Sedgwick County...working for you

Health Department

Community Health News

What's Happening Now?


Enterovirus is a common virus that usually causes no symptoms or mild cold-like (respiratory) symptoms, especially in infants, children and teens.

Recently, Children's Mercy Hospital in Kansas City noticed a dramatic increase in hospitalized children with severe respiratory symptoms. Because of the increase in cases, specimens were tested at the Centers for Disease Control and Prevention (CDC) and found positive for a specific type of enterovirus, enterovirus D68 (EV-D68). More than half of the hospitalized children had a history of asthma or wheezing.

Hospitals in Wichita are not reporting an increase in respiratory illness. No EV-D68 has been identified in Sedgwick County.

You cannot tell if a child with a cold has enterovirus. There are many viruses that cause cold-like symptoms and most of the time a person's body fights the mild infection successfully. Seek medical attention if you or a child under your care is having trouble breathing. Children who have asthma should be monitored carefully.

Enterovirus is spread through contact with nose and mouth secretions. There is no specific treatment for enterovirus and other respiratory viruses other than managing symptoms (fever reducer, inhaler, etc.).

Prevent the spread of all respiratory viruses:

  • Wash your hands often with soap and water for 20 seconds, especially after using the toilet or changing diapers
  • Avoiding close contact, such as kissing, hugging, and sharing cups or eating utensils, with people who are sick.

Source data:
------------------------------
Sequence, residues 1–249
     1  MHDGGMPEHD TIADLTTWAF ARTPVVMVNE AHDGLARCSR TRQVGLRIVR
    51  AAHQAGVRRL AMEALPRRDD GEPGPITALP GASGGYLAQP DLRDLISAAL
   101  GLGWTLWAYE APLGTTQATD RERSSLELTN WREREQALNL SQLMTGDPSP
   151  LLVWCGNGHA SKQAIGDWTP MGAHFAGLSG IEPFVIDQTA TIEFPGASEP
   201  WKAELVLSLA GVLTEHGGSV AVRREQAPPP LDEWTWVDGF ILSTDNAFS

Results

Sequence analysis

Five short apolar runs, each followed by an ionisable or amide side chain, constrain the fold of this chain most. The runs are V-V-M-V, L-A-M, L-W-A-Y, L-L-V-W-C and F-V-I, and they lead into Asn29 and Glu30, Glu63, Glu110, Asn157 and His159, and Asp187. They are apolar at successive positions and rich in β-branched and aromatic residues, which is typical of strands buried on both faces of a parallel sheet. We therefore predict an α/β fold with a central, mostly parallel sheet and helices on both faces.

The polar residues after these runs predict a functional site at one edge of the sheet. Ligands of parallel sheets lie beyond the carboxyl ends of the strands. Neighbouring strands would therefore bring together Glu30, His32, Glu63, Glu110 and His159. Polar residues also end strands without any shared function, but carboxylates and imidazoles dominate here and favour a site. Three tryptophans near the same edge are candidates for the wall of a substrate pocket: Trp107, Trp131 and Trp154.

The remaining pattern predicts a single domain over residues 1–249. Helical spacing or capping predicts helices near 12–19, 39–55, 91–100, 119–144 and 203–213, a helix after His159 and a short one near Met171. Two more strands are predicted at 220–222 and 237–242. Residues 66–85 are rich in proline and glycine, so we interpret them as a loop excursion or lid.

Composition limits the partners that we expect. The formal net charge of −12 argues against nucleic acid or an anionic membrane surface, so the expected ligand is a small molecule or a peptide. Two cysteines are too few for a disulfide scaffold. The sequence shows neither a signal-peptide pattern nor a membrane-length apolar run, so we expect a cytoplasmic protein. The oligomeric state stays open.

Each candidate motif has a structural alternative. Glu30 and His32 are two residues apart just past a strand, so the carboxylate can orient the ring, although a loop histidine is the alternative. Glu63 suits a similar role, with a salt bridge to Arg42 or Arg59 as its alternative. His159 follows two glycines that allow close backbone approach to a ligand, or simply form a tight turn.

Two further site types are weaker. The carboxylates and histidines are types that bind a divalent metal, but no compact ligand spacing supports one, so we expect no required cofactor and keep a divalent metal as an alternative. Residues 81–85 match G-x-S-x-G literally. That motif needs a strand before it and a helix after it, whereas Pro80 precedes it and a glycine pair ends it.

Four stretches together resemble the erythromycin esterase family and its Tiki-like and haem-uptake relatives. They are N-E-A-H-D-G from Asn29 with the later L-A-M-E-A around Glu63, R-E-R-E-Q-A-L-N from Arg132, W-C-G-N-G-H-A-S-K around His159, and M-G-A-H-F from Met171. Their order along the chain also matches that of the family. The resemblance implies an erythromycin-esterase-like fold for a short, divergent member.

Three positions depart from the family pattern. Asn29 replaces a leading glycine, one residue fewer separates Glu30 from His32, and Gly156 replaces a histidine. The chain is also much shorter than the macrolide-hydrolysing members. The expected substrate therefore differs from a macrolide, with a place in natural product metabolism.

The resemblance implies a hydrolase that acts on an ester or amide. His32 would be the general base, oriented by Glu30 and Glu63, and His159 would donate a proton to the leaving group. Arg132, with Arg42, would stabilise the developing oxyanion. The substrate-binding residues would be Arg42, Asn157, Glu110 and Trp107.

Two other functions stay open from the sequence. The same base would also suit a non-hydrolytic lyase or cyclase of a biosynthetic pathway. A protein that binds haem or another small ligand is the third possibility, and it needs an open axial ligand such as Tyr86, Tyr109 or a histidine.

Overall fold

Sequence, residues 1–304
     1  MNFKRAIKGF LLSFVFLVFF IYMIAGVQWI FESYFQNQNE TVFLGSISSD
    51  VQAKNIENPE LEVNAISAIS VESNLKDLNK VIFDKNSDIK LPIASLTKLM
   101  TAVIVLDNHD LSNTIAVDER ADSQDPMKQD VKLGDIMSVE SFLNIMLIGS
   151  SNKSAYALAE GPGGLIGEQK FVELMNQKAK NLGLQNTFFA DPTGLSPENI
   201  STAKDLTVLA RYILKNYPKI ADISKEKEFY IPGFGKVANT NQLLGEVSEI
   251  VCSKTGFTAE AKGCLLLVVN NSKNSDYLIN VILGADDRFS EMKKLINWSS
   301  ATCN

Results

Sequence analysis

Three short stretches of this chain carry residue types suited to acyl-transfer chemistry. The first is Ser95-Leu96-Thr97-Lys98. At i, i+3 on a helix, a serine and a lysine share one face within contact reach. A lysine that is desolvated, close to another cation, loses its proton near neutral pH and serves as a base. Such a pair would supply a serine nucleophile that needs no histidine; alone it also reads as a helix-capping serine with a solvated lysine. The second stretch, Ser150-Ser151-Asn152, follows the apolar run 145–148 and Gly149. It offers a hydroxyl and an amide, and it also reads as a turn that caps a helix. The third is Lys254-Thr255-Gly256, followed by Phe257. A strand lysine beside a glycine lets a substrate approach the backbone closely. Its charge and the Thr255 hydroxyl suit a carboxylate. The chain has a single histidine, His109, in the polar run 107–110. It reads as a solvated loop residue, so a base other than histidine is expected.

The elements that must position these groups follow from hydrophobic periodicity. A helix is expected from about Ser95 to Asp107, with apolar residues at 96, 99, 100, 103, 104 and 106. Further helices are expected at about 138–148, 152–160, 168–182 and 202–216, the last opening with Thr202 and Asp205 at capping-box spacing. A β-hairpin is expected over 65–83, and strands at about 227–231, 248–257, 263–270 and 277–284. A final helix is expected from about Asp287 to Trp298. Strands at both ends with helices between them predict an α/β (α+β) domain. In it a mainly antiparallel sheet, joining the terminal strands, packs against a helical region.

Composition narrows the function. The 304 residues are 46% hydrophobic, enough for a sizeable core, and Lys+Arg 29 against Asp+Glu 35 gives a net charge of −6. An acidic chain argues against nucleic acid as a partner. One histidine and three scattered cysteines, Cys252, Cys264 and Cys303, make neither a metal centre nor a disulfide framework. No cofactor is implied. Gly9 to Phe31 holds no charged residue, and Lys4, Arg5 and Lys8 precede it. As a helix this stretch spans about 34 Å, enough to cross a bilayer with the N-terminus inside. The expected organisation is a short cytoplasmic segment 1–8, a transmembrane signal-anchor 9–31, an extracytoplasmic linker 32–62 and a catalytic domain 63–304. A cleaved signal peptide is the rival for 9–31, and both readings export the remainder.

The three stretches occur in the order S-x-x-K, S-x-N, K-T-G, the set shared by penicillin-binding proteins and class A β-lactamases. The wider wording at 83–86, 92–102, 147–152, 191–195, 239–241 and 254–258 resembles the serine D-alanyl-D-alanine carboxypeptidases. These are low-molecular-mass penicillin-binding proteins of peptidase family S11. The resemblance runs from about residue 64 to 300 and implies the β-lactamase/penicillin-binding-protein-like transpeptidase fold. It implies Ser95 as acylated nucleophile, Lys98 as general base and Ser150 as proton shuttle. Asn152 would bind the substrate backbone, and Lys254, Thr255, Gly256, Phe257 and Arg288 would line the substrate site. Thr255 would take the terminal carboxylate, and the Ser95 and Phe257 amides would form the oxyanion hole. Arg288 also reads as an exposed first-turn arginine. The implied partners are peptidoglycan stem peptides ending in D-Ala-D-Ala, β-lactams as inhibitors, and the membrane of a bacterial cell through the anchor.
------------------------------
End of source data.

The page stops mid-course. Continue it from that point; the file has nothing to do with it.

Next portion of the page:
• Clean and disinfect frequently touched surfaces, such as toys and doorknobs, especially if someone is sick.

Mosquito Trapping and Monitoring

Weekly results from nine trap locations, May 13, 2014 to September 2, 2014.

Mosquito Surveillance in Sedgwick County

The graph shows the number of mosquitoes indentified in traps set in Sedgwick County (in and around the Wichita metropolitan area). Mosquito trapping is performed by the Kansas Biological Survey and coordinated by the Kansas Department of Health and Environment.

The Culex species of mosquitoes are the primary vector for West Nile virus in the United States and Kansas. An increase in mosquitoes, especially Culex species, may indicate an increased risk of West Nile virus (WNV) infection in humans. WNV is spread by the bite of an infected mosquito. Mosquitoes become infected when they feed on infected birds.

Fight the Bite! Avoid mosquito bites by following the three Ds:

  • DRAIN: Eliminate standing water where mosquitoes live and breed
  • DRESS: Cover your skin with clothing when outdoors
  • DEET: Use insect repellents that contain DEET

Learn more about West Nile virus prevention.

Notifiable Disease Investigations

 Week ending August 2, 2014 through week ending September 6, 2014

Notifiable Diseases Graph by Category

Read about the epidemiology (disease investigation) program at the Sedgwick County Health Department